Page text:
have a gun in your home, you are five times more likely to have a
suicide in your house than homes without a gun. If you must have one,
keep it out of reach of your children. Try not to let them know of its
presence. Keep it locked at all times.
Finally, socio-economic factors like poverty, severe
deprivation, unstable family, single-parent family, unemployment, lack
of family support may also play a role in inciting teenage aggression.
Prevention is always better than cure. Look out for the following signs
in your adolescent. Remember, the more signs you perceive, the higher
the threat. However, not all teens who exhibit some of these signs may
resort to violence.
Verbal or written threats of violence—take everything that your teen says seriously.
History of aggression—this includes uncontrollable angry outbursts at home or other delinquent behaviour.
Taking a weapon to school—do not let your teen carry knives or guns outside, whatever the excuse.
Suicide attempts or threats in the past—the unfortunate truth is that once you have a problem with your adolescent, you will always have to be on your toes.
History of violentbehaviour or suicide attempts in the family—family remains the primary unit of socialisation.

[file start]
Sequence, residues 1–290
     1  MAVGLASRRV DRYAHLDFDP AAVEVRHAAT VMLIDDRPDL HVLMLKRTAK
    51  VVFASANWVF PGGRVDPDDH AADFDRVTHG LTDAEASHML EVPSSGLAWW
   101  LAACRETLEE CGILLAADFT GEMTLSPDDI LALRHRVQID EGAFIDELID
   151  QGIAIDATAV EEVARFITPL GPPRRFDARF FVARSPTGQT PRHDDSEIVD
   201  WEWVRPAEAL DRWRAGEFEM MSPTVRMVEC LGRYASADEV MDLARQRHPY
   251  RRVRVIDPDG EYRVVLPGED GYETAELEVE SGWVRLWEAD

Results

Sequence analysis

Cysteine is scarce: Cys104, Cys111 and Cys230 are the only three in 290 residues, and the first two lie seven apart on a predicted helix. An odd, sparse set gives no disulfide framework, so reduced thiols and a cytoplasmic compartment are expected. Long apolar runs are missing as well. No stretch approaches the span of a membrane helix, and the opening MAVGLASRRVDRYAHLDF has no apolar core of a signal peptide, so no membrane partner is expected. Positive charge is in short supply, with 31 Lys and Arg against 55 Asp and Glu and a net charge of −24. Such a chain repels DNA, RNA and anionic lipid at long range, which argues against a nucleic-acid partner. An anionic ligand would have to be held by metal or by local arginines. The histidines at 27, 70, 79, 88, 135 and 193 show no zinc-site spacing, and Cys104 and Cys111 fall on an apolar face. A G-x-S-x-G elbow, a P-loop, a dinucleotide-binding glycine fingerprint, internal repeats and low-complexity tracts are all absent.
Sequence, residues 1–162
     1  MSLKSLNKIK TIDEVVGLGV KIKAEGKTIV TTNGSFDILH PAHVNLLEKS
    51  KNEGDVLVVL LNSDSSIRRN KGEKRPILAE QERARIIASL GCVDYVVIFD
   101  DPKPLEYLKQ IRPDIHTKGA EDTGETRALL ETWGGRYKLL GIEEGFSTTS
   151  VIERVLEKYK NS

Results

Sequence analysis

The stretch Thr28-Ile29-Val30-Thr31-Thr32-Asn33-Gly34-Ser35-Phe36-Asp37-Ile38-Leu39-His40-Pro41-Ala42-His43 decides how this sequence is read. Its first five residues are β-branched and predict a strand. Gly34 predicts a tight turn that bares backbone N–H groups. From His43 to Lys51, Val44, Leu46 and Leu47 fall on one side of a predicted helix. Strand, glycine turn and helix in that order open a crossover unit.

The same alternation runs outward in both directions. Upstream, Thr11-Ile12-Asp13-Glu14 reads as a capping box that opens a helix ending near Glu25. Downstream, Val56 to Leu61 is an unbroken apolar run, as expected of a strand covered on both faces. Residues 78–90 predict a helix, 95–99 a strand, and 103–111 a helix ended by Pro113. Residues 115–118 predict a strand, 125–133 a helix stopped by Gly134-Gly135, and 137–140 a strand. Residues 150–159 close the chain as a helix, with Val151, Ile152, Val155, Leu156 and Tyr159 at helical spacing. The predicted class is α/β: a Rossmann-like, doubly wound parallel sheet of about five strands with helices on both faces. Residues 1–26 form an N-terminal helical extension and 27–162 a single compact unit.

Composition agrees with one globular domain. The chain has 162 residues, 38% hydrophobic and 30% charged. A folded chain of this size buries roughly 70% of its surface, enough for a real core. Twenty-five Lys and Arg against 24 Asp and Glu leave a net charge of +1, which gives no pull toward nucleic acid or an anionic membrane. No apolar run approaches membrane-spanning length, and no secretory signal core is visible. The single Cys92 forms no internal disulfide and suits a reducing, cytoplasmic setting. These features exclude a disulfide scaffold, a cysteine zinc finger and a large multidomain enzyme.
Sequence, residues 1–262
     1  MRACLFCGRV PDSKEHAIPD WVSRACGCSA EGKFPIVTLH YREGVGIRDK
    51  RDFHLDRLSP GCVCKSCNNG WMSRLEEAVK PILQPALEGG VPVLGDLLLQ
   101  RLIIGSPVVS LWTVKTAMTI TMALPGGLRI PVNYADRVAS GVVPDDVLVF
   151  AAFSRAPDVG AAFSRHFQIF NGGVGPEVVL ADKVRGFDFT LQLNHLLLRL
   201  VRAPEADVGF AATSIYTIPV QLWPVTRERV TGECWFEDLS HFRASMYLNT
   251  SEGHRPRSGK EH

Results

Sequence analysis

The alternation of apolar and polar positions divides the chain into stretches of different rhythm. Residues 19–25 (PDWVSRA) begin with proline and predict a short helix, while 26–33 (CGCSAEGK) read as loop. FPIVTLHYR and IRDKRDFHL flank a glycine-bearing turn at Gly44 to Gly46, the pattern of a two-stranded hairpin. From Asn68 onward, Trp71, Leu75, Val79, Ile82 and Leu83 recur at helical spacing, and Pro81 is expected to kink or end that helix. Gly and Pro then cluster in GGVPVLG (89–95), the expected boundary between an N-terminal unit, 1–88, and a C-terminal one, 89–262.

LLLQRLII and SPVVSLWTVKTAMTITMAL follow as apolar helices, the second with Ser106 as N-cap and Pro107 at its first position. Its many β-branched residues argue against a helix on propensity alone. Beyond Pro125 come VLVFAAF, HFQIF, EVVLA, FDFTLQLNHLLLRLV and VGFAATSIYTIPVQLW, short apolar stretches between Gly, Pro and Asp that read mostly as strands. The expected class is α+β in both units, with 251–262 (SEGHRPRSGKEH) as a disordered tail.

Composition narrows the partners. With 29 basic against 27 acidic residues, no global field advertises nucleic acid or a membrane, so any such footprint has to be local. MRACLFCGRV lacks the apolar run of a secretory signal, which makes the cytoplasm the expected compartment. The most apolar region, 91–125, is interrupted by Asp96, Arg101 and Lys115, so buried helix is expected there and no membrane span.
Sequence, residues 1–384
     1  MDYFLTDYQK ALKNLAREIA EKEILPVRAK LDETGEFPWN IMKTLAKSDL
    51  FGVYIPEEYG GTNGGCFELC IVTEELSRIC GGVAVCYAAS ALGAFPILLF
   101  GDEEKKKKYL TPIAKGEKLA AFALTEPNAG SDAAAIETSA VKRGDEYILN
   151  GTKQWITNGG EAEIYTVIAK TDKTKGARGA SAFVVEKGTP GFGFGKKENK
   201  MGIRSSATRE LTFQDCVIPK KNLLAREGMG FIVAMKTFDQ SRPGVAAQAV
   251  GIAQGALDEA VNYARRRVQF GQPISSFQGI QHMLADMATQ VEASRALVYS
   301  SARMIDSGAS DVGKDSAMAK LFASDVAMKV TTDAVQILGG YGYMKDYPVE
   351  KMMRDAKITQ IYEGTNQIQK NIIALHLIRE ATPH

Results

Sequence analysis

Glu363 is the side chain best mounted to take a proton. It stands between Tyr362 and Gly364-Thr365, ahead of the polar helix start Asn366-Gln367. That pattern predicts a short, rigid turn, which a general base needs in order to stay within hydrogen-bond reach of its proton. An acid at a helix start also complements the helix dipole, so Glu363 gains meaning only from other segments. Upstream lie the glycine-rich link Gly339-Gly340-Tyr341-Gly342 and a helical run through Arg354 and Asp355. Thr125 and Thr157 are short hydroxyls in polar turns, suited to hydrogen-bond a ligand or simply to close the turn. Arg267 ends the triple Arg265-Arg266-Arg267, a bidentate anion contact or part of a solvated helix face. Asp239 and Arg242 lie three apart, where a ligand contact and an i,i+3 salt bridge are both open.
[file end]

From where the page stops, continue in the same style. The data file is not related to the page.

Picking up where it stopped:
Lack of responsibility—be alert if your teen always blames
destiny or other people for his mistakes and misfortunes. We all do it
at times but to assume such a role persistently, in every situation,
can lead to an eventual lack of self-confidence and self-reliance.
An incident causing humiliation, loss, shame, or rejection in
recent times—you may believe that your child has moved on but teenagers
can be excellent actors. Stay connected to your child to be aware of
what is playing in his mind.
Morbidity in conversation, selection of books or movies,
artwork, etc.—a preoccupation with death, depression, violence, and
other dark themes may indicate mental turmoil.
A mental illness, such as depression, mania, psychosis,
or bipolar disorder—such individuals are always at a high risk of
Indiscipline at school or college—this may consist of
bullying or beating up, impertinence, stealing, copying answers,
vandalising benches or walls, cutting class, etc.
Difficulty in making friends; feeling anchorless—this leads
to feeling unfulfilled emotionally, which incites the teenager to seek
an outlet in violence. Inability to make friends can tarnish
self-esteem as well.
Being part of a gang or cult—as long as it is for harmless or
entertainment purposes, this should not be a problem. But if the gang
engages in antisocial activities or even if it discusses make-believe
plans inspired by dacoit or heist movies, it can act as a precursor to
Over-protection or apathy from parents—both can be
detrimental to your teen. Over-protection can stifle and retard the
development of the child while indifference can make the teenager feel
unloved and unwanted.
Irrationality—if your teen refuses to listen to reason and
believes that her every wish should be granted, you have a problem at
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- The Indiaparenting Team